Essex Cholmondeley, a teacher-student under Charlotte Mason’s instruction, wrote of how having a time-table, a schedule, affected them:
Again, to many of us life was overfull. We would not be hurried; we liked to say ‘I will do it in my own time.’ But at Scale How [the teacher college] time was to be respected, given to the thing or person claiming it rightfully. Then there would always be time, without over-pressure or distraction. This sense of time value was hard to achieve but it bore the test of experience during the two years’ training. […] It did not seem possible to find a moment for everything, yet if no time was wasted there was plenty of it and no hurry.
“Plenty of it and no hurry“: Is that not what we are after? Are we willing to give our time to the “thing or person claiming it rightly” in order to achieve that sense of time value? It takes upfront work to determine those duties and to write out a fair time-table where we cut back on time wasters and lower priorities in order to better execute our true responsibilities. But that upfront work, when followed up on, will earn us that sense of there being enough time, with no hurry.
Secret 2: There’s more than one way to use a schedule. Use it wisely, not woodenly.
A lot of the frustration in homeschooling with a schedule is that we try to have both a set amount of work (such as reading one chapter or working one page of problems) and a set amount of time. However, when we add a person into the mix, things don’t always come out equal. We are forced to consider: is the point that this student learns and grows or that we finish the prescribed lesson?
I would propose that if a student spends 20-30 solid minutes with you, going over long division problems, then it doesn’t matter how many you were able to tackle in that time. Practicing the process is the point, not doing 10 problems. Likewise, setting the timer for a reluctant reader to read for 20 minutes is better than telling that child he has to read 2 chapters, no matter how long it takes. Elementary age children cannot sustain attention and diligence for much longer than 20 minutes, so insisting they push beyond that is not helpful to your cause or to their growth. Now, once division or reading is easy for them, they might be able to spend longer doing it, because it’s not as taxing. But don’t tax the student for more than 15-20 minutes at a stretch.
Having a schedule with blocks for a type of work, but not a set amount of work, is a good way to ensure regular practice in all their skill areas and also to keep their minds fresh by varying the type of work required.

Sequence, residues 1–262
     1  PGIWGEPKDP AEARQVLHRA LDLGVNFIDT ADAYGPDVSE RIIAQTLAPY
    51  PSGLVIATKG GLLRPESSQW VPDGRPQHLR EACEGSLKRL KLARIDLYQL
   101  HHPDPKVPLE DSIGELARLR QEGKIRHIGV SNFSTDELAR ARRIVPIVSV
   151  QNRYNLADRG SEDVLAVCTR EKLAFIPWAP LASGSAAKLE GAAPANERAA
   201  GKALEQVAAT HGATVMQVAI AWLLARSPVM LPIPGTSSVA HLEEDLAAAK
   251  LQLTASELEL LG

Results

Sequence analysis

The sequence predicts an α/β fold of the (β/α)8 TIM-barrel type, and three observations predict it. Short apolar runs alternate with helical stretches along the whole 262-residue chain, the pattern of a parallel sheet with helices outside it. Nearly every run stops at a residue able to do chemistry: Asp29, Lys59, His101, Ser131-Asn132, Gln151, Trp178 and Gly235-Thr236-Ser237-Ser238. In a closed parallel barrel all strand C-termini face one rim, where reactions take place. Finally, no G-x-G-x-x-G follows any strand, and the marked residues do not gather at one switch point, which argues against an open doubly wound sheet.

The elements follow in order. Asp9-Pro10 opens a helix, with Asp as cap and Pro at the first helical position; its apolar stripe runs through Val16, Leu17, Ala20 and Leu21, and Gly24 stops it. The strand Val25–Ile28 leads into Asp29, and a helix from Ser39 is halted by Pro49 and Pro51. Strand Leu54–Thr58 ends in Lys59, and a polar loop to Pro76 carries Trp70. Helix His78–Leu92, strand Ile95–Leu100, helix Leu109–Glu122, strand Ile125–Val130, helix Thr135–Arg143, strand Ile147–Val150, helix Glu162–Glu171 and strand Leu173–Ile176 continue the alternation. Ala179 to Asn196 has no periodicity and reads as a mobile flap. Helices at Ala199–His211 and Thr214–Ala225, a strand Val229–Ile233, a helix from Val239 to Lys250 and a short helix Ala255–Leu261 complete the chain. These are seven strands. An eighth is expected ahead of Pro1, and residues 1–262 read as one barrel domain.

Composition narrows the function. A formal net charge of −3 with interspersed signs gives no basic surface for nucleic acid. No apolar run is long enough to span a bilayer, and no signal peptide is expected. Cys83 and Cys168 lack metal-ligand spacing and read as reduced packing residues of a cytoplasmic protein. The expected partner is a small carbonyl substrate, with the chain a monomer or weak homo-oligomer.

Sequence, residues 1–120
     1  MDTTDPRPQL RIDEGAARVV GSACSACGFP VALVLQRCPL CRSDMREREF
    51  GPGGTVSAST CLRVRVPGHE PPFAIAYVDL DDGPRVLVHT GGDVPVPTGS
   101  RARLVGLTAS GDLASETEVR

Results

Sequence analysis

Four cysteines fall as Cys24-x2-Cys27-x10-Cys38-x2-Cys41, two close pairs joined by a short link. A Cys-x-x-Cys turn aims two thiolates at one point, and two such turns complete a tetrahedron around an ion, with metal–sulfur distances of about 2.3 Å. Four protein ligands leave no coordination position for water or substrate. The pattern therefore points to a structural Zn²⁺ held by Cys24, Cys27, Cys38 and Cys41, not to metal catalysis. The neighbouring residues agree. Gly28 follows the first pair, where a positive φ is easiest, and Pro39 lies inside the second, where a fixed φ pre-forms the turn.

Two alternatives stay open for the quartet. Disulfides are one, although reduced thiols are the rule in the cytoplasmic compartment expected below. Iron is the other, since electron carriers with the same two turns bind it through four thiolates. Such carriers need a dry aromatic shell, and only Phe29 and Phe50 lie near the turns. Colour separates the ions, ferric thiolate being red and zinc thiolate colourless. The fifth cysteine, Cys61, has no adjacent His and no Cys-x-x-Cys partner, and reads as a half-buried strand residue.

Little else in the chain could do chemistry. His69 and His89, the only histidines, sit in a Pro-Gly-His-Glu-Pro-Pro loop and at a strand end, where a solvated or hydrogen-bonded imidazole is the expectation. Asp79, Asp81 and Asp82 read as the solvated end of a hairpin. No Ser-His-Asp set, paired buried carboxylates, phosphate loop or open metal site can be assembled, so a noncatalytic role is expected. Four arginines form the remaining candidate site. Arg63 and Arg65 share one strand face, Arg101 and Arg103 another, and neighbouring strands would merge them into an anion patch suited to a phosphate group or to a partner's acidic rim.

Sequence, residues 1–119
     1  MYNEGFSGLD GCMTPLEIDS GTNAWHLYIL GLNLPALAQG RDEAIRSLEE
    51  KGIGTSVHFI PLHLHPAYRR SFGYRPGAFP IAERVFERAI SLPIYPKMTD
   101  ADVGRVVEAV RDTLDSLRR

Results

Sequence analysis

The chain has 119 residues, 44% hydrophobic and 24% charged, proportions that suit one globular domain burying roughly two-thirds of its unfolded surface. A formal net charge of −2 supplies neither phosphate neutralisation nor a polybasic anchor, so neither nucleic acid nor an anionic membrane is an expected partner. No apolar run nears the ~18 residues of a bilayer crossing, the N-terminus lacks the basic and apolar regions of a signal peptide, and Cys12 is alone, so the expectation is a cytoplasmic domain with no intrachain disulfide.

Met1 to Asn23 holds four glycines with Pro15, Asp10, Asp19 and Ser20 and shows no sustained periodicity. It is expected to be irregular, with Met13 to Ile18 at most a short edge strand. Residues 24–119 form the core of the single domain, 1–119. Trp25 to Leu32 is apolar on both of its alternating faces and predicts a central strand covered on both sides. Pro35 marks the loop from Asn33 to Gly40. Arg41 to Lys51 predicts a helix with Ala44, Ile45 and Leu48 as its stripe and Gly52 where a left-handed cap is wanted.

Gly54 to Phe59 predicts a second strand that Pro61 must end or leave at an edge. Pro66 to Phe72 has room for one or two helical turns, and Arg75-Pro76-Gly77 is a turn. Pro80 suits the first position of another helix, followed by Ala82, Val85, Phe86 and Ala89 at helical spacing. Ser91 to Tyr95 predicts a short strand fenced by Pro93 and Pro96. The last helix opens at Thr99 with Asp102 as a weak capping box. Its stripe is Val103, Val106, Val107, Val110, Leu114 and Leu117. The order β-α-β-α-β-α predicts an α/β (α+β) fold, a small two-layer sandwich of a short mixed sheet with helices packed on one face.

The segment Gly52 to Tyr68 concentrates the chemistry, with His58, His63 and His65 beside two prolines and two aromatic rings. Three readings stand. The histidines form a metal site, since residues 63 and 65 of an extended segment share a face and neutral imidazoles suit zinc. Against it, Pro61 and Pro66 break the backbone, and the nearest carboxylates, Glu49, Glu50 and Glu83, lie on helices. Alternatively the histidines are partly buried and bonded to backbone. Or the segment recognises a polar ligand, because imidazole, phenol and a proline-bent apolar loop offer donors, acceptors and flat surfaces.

Secret 3: A schedule can reduce conflict. It’s seen and used by the student.
There are two ways I’ve found having our time table “written out fairly” has minimized conflict in our homeschool days.
First, I realized that when the schedule was only in my own head or in my own notes, then I was always directing everyone, telling them what to do. Now, I want to raise self-motivated and self-directed learners, but if I’m always the director, then they never get a chance. Without knowing what’s next or what’s on the agenda, they cannot be self-directed. Not only do I want them to become self-directed, but they naturally want autonomy as well. So when they can see on our whiteboard that they have a certain amount of time for their work, a certain amount of time for recess, and a certain amount of free time, then they can carry themselves through those times without being bossed around.
Second, they learn that giving each thing its own time is the only way to get that planned recess or free time. If they spend 20 minutes “looking for their book,” then that has to come off of some time block on the schedule, and it’s going to be their free time. So, instead of procrastinating by dawdling, they are actually spending their own time. It took a few hard days with hard lessons, but simply having that clear and on the public notice board reduced not only the conflict that comes from Mom micromanaging, but also the conflict that comes from Mom’s frustration over pencils that take 10 minutes to sharpen.
I never would have guessed, but having a visible schedule with each hour assigned a specific kind of work has done wonders for the discipline and atmosphere of our homeschool.
The rest of the series: